Pride and prejudice: Exploring how identity processes shape public attitudes towards Australian counter-terrorism measures

Research output: Contribution to journalArticleAcademicpeer-review

Abstract

Counter-terrorism measures are often described as pre-emptive, punitive, and afford author- ities exclusive and expanded powers. Yet they continue to attract public support. Why is this the case? A consistent finding in traditional crime control research shows a link between perceived threat from racial or ethnic minority groups and their perceived involvement in crime. This perceived relationship results in public support for punitive crime control meas- ures for such groups. Similar connections can be made between terrorism and Muslims. It is thus possible that perceiving Muslims to be threatening may help explain enhanced public support towards harsh counter-terrorism measures. This study draws on survey data of a national sample Australian residents (N 1⁄4 1199) to test this hypothesis. Findings show the importance of both identity processes and perceptions of Muslims as threatening in shaping support for punitive counter-terrorism strategies. Results also demonstrate how social iden- tity can moderate the effect of perceived threat on support for such strategies. Theoretical and policy implications of this study are outlined.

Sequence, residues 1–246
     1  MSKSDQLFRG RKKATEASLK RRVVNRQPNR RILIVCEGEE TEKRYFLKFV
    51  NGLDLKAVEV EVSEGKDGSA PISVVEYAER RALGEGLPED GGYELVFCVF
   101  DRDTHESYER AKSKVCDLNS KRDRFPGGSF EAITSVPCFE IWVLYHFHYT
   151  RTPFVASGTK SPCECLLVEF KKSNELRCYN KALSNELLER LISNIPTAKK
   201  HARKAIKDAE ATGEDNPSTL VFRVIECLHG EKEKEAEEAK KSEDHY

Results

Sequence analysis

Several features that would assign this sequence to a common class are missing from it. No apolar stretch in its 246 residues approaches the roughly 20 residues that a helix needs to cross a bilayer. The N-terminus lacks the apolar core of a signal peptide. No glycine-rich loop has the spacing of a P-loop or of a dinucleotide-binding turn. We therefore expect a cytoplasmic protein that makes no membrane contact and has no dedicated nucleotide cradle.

Original languageEnglish
Pages (from-to)558-577
JournalAustralian & New Zealand Journal of Criminology
Volume52
Issue number4
DOIs
Publication statusPublished - 3 Dec 2019
Externally publishedYes

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